The goodbye of a graduation cap and a college dorm room.  Stopping here for a moment.  This one was really rough for me.  This ache rears and settles, rears and settles, rears and settles, every time they come home and leave, come home and leave, come home and leave.

The goodbye I find myself in this morning.  The goodbye of moving out and moving on.  The goodbye that speaks to adulthood, active parenting job done, “will they make it on their own?  This ache rears fresh and raw this morning.  I am hopeful it will settle.

There are more goodbyes to come.  The goodbye of weddings and births of grandchildren (I’ve experienced those with my oldest and she is experiencing her own goodbyes now).  Every time, the steps are further and further away.  Every time, the ache rears and rears and rears.  Every time, the ache settles and settles and settles.

I know that with each goodbye comes a settling hello.  A settling hello that brings newness, possibility and life.  Believe me, I know.

But in the wee hours of this morning, I sit in the real, raw ache of the goodbye, not rushing the pride I feel, the pain I feel, the thankfulness I feel, the joy I feel and the awfulness I feel.  It’s beautiful here.  It’s sacred here.  It’s momentous here.

The sun is not up yet.  I sit quiet in the dark.  The ache will settle soon enough.  I like the ache for now.  It’s my very good friend.

********************************************

 

(To those of you who have said the worst goodbye in the loss of your child, I am just so sorry.  I wonder if there is ever a settling after the ugly rearing of the ache.  It’s okay if there’s not.  Maybe there shouldn’t be.  Either way, I wholeheartedly salute you.  I stand with you.  I sit with you.  I am just so very sorry.  You never should have had to say this kind of goodbye.)

 

 

 

 

 

 

 

Posted in Thanks

TT (Season #01, Episode #01)

“It’s not happy people who are thankful.  It is thankful people who are happy.”  (Unknown)

Several years ago, our women’s group (we call ourselves the Beautiful Mess, which couldn’t describe us any better) read and walked through one of my all-time favorite books, One Thousand Giftsby Ann Voskamp.  The author had gone on a mission to find three things a day for one year for which she could find grace and beauty, gifts as she came to call them, and give thanks for them.  By the end of the year, she had accumulated over 1,000 of these gifts (for you non-math people, that’s 365 x 3 = 1,095), hence the name of the book.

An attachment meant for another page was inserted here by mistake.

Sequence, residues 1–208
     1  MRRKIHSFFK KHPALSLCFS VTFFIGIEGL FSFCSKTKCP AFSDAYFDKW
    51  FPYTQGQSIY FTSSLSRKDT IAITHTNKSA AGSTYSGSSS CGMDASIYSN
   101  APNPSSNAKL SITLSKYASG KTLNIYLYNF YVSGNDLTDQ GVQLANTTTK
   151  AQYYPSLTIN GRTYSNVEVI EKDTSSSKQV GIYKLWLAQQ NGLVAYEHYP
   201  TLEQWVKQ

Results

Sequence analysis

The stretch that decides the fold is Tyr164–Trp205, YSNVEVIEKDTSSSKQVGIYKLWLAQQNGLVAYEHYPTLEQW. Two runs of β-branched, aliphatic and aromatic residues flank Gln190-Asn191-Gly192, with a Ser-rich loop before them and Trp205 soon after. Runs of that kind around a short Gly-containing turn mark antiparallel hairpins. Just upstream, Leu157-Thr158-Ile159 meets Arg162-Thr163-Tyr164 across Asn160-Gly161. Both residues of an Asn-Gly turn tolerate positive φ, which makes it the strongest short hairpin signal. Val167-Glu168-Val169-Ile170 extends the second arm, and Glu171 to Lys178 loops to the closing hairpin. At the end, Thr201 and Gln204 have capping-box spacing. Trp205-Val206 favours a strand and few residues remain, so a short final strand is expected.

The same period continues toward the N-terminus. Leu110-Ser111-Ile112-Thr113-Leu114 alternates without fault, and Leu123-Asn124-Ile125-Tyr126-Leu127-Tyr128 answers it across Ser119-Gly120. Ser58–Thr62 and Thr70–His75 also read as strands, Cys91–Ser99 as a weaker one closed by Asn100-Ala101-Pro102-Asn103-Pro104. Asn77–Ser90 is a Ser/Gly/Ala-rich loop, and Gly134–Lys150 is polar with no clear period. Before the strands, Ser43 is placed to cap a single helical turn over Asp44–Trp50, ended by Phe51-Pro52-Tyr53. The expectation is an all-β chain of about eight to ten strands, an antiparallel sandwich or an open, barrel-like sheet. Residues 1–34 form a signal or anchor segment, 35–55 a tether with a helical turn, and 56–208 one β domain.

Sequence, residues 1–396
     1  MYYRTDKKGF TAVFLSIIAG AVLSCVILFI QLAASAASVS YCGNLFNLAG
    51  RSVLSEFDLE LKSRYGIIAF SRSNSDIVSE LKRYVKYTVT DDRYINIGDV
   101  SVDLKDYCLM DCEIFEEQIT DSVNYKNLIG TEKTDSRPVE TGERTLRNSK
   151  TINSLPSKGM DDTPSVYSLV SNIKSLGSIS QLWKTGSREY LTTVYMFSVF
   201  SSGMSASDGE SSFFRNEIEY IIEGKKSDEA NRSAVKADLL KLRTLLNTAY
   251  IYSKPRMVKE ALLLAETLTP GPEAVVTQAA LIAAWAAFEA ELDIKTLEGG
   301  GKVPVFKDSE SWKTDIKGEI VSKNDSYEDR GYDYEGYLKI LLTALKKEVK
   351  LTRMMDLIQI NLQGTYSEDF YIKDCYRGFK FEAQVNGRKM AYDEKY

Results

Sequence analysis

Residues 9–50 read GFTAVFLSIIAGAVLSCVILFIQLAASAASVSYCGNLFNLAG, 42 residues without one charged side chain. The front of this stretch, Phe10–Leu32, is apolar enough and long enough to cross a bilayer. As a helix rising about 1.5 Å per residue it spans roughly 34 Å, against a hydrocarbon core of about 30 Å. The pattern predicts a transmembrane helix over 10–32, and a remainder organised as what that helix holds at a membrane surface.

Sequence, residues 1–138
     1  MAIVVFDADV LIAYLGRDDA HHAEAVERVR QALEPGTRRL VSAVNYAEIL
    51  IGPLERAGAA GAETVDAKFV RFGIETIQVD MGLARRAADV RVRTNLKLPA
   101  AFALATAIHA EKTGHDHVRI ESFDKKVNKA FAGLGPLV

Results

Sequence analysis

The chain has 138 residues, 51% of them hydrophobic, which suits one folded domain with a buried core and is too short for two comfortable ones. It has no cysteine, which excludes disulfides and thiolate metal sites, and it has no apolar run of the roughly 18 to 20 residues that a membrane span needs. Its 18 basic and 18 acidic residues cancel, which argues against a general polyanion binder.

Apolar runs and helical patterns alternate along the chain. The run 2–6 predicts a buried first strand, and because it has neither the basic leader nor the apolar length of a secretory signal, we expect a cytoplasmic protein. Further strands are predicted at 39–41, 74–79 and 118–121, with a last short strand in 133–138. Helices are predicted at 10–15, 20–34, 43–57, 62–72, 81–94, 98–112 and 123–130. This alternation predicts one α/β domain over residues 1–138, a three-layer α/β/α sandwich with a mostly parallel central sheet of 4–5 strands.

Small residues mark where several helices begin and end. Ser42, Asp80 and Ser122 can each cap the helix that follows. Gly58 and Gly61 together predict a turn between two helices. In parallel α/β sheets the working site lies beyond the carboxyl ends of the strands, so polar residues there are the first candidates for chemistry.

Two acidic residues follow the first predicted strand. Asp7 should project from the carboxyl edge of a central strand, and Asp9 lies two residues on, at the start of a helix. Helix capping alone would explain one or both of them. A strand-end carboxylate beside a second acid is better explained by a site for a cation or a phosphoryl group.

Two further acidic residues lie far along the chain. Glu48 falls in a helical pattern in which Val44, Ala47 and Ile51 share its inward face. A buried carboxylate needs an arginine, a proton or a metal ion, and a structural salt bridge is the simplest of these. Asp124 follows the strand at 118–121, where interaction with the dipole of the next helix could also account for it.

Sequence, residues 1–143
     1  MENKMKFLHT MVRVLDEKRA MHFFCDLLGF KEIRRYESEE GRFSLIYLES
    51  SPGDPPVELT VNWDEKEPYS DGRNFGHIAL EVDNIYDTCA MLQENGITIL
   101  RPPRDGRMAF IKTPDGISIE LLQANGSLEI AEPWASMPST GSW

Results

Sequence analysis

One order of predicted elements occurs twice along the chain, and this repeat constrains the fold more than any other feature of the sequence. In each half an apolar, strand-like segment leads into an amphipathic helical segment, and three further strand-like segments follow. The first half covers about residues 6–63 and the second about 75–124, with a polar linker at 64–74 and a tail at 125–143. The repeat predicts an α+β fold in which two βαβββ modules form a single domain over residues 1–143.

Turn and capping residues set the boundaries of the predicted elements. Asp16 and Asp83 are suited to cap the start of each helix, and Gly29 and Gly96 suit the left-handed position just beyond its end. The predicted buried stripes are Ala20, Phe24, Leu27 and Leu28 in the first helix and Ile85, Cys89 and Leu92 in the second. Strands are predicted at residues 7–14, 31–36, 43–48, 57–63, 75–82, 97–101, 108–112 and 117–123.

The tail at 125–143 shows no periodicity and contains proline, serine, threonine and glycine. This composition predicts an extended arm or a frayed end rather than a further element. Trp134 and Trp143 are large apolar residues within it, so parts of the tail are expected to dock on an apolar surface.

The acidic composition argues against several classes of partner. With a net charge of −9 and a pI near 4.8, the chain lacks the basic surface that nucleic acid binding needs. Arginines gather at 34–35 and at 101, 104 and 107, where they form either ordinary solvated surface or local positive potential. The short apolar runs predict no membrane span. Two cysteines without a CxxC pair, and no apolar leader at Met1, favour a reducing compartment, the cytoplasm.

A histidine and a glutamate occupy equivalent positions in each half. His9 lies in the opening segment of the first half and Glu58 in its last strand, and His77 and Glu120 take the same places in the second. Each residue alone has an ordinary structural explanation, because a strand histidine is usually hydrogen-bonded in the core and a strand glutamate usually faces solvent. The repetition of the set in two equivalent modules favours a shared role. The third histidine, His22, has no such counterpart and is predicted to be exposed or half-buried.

This began my journey of thanks.  Since I am thankful-challenged, I downloaded an app simply called “thankful”, a private gratitude journal.  I began to keep track of one thing a day because my phone buzzed every night at 7 pm to remind me and I received one of those red notification circles that forced me to get rid of it. (How many are on your phone as you read this? I have to get rid of them at all costs.  It’s my mission in life.)  As of today, I am at 385 (and to confess, it’s been about 3 1/2 years, and now it’s your turn to do the math).

This prodded me to take another small step, this time posting one “someone” each day this past November on social media for which I was grateful.  It brought me great joy and kept me grounded during the holiday rush and gently reminded me of the people in my life that are true gifts (I can see you right now checking my Timeline to see if you might have been one of them).

My thanksgiving ritual extended beyond November as I started to share a “something” or “someone” each #thankfulthursday on social media.  Still not having overcome my thankful-challenged ways, I set a reminder each Thursday at 12 pm to receive another one of those very annoying red circles (yes, I deem them the bane of my existence).

And now here comes the “giant leap for mankind” in my gratitude journey.  After all, I do believe the quote above and certainly could use a little more happiness in my life.  I hope to send some your way as well.

Now, with no further ado, and what you actually came on the site to read, my week of thanks:

  • Headspace App (For those who have the same delightful disorder of anxiety that I do, this has been worth the cost.  In fact, last night when I was awake at 3 am, this was a life-saver and a sleep-giver.  Whoever you are, you British man with a soothing buttery voice, I could listen to you all day.)
  • Clematis in full bloom (This beauty welcomes me every time I open my garage door for three blissful weeks in late May, early June.)

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  • Our Penguins winning the Stanley Cup (When we were getting married, my father-in-law was our best man.  His toast was the following:  “The three most important words in any marriage are the following:  Pirates, Penguins, Steelers.”  This has, I hate to admit, proven to be true.  Congrats to Syd the Kid and all the rest.  And to my adopted home city of Pittsburgh, PA.)
  • Some of the sweetest words ever spoken in our home on Wednesday by my son Josh:  “Sure Mom, I can make dinner.”  Enough said.
  • One of my “fifth children’s” bridal shower and having the privilege of mentoring her and her fiancee on their marriage journey.  #marriedtothemax
  • Hanging out at Lincoln Center watching my niece make our family look smart by becoming a Doctor of Veterinary Medicine.  You go Court!
  • Lastly, all of you, my readers, my life-giving and hope-sharing readers (you just might be on this list every week).

You know the question I am going to ask today (and every Thursday for the future as we know it).  What are you thankful for this week?  Can’t wait to read all your comments below.  After all, I long for this to be journey we are sharing and the gifts you have received in the past few days matter to me!  I would be thrilled to hear them!